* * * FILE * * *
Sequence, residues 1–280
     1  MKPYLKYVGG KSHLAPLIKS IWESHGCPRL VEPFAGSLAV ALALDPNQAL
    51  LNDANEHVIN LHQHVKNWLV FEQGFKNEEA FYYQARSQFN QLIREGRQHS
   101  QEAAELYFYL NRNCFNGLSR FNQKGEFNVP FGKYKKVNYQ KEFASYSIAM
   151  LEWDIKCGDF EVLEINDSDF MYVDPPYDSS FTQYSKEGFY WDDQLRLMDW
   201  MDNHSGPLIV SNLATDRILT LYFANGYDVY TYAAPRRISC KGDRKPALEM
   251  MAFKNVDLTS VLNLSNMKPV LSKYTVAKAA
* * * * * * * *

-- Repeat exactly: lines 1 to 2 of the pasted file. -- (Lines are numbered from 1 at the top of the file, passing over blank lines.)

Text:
Sequence, residues 1–280
     1  MKPYLKYVGG KSHLAPLIKS IWESHGCPRL VEPFAGSLAV ALALDPNQAL